If ANYONE wants to do business with FDNY, I personally feel that it would take at least 2 years to investigate, prepare, engineer, develop support systems, a dealer, a service plan, a parts distribution system, and a long term support structure, before ever thinking of taking on FDNY apparatus. If a builder thinks they can simply walk-in and be low bid, get the order and then deliver a truck to FDNY is going to have a very rude wide awakening in the process! I would lend that there are a couple suppliers currently, getting their feet wet with FDNY and will begin to realize what I am talking about. Many times, these new players, charge in-whole hog, only to find out what it really takes and soon realize the chest thumping and ability to say "I am an FDNY supplier" may not have been all its quacked up to be from a "business" standpoint. I say that because it can cost a company a ton of money, if they are not prepared ahead of time. Unfortunately for FDNY these people (new suppliers) may not have the apptitude, pasionate desire, financial backing or systems to stay in the game, simply walking away and leave NY hanging with “odd ball” trucks in their fleet. Simply look at history and historical data. Why does FDNY develop, nurture and mature a builder? Its because they need them to be financially strong and around for the long term, or they get stuck with junk in their fleet that is a pain in the backside to maintain. A good example is the “stuff” they received post 911. First...God bless the gracious offerings by thousands that wanted to donate to FDNY at a time of need! This wide array of gifted apparatus is one off, different, oddball parts that they do not stack, requires different electrical schematics, different bulbs, different latches, different doors, different windshields, one and on! It is literally a major pain for Support Services to keep the stuff on the street, when it takes forever waiting for parts and support form the manufacturer and sits in the shop occupying floor space at red square for days on end! It was unheralded of people to donate, but in reality, Support Services ends up paying a lot in the long run! Some people thought FDNY was arrogant and unappreciative of offered “free” stuff following 911, but it was only because they do not know what it takes to maintain the “stuff” after it is not brand new and pretty anymore (and that takes about 2 days in NY)!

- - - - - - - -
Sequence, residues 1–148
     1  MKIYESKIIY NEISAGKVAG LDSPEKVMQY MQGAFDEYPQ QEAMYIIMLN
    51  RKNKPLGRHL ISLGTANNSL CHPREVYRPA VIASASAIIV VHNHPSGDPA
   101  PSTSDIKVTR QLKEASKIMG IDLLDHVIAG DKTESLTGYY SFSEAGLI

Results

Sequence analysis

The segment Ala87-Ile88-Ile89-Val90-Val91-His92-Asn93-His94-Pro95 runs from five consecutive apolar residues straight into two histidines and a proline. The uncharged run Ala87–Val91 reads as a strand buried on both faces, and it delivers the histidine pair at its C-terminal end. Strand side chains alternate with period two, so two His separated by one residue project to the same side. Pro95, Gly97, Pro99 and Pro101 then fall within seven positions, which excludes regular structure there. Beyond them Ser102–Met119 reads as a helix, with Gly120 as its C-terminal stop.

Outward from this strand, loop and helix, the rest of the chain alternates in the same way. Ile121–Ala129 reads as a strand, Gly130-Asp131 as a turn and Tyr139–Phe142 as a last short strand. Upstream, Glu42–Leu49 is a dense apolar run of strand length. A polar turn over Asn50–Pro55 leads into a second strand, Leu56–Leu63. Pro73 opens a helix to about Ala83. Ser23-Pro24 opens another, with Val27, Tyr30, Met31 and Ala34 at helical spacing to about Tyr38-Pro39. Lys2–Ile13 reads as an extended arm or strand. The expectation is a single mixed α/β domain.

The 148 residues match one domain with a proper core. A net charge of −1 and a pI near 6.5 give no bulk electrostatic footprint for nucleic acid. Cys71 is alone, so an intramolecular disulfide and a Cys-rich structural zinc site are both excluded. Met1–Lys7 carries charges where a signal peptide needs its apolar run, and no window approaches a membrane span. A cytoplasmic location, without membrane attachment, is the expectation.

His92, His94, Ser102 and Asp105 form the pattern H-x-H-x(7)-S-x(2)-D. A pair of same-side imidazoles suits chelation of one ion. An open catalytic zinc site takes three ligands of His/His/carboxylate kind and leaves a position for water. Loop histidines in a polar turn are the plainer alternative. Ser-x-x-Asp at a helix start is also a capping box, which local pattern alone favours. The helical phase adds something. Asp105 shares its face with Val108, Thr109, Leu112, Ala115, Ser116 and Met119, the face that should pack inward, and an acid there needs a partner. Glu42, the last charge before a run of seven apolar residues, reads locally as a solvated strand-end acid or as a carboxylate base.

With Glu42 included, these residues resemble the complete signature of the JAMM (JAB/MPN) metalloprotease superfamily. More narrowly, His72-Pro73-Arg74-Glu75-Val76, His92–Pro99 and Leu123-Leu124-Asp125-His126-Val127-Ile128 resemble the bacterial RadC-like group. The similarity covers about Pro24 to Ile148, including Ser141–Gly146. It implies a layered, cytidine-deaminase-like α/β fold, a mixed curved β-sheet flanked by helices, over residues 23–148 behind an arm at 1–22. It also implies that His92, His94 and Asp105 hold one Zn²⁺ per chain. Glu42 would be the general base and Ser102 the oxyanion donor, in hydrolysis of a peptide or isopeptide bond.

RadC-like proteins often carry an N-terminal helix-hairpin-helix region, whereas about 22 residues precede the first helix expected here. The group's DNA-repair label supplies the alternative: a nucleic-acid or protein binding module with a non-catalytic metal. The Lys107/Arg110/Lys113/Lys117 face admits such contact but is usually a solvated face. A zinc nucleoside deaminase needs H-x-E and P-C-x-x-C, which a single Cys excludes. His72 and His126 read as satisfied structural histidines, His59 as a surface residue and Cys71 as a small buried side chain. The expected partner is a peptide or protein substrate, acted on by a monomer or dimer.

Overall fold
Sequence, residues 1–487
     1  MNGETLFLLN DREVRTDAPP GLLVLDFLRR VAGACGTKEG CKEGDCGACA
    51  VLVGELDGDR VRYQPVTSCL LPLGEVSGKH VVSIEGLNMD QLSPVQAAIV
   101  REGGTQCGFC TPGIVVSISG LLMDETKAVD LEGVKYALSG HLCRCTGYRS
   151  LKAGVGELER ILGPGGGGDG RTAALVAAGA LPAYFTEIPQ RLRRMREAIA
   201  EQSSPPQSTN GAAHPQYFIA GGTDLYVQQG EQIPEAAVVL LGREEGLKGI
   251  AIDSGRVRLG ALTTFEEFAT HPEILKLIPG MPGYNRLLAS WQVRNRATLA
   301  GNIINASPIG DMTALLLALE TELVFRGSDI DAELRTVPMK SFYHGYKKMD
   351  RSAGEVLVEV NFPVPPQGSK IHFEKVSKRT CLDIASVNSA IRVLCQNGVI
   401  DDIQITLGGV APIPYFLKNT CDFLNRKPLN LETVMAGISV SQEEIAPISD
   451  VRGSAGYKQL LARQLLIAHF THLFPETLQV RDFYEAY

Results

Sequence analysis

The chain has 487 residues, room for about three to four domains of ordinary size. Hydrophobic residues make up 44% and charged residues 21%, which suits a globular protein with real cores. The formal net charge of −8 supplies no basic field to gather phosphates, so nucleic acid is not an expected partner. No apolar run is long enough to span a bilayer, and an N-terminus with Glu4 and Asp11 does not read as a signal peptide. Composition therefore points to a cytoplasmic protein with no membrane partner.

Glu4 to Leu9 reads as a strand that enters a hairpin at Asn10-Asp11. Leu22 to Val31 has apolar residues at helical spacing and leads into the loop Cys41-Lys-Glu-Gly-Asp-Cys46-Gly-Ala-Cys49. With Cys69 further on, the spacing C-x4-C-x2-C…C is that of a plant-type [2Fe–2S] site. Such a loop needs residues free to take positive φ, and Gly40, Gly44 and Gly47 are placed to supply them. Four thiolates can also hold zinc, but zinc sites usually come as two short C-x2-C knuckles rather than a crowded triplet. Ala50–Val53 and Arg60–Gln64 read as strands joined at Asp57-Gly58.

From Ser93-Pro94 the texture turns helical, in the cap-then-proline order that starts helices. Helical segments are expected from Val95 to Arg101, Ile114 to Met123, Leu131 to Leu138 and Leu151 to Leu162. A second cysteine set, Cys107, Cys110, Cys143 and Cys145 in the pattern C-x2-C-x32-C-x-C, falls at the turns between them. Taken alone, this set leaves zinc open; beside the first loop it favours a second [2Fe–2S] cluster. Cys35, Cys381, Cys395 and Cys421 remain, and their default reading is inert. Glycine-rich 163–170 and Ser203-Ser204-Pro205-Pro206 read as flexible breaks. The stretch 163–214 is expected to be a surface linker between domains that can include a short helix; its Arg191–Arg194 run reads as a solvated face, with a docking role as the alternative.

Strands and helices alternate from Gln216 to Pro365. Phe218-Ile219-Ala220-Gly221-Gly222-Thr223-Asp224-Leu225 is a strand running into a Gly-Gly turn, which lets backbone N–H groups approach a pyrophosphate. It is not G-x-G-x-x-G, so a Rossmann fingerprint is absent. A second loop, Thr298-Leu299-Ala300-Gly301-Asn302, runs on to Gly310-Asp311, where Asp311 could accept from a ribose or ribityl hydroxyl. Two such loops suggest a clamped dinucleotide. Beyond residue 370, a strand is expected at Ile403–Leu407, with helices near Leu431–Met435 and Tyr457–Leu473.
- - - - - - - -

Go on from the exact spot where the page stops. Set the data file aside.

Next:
If I was FDNY (which of course I am not), I would be preparing and nurturing an additional "builder of choice" to fully understand the internal workings of the Department and its support systems, way ahead of time, to have the flexibility of having more than one TRULY QUALIFIED supplier. I can say, Seagrave has performed nearly flawlessly (again, in my opinion), if one knows what it takes to logistically support the number of vehicles in the city that have Seagrave logos on them! Why? Because they know EVERY detail of what it takes to operate in the City. FDNY could develop a vendor/supplier development program that illustrates to companies interested in their business what it requires in order to become a “certified” supplier, rather than a low bidder who delivers a few trucks and then goes away, leaving Support Services holding the bag with a morphadite apparatus that needs to be kept afloat for the rest of its useful life.